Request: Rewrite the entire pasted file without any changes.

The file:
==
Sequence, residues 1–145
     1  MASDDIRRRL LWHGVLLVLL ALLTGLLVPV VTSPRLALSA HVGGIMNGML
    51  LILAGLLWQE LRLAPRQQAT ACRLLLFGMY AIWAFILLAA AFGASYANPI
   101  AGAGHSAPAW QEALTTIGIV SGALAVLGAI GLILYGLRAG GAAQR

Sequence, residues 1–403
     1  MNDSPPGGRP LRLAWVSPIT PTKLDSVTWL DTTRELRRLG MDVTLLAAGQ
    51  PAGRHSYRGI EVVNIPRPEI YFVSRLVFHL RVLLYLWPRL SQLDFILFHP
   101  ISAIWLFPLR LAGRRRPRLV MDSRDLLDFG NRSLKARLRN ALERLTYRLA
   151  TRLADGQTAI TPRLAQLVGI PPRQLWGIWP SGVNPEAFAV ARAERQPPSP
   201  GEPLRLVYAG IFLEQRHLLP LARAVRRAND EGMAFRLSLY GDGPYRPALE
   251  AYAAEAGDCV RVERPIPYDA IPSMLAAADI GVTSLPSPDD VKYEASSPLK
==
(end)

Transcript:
Sequence, residues 1–145
     1  MASDDIRRRL LWHGVLLVLL ALLTGLLVPV VTSPRLALSA HVGGIMNGML
    51  LILAGLLWQE LRLAPRQQAT ACRLLLFGMY AIWAFILLAA AFGASYANPI
   101  AGAGHSAPAW QEALTTIGIV SGALAVLGAI GLILYGLRAG GAAQR

Sequence, residues 1–403
     1  MNDSPPGGRP LRLAWVSPIT PTKLDSVTWL DTTRELRRLG MDVTLLAAGQ
    51  PAGRHSYRGI EVVNIPRPEI YFVSRLVFHL RVLLYLWPRL SQLDFILFHP
   101  ISAIWLFPLR LAGRRRPRLV MDSRDLLDFG NRSLKARLRN ALERLTYRLA
   151  TRLADGQTAI TPRLAQLVGI PPRQLWGIWP SGVNPEAFAV ARAERQPPSP
   201  GEPLRLVYAG IFLEQRHLLP LARAVRRAND EGMAFRLSLY GDGPYRPALE
   251  AYAAEAGDCV RVERPIPYDA IPSMLAAADI GVTSLPSPDD VKYEASSPLK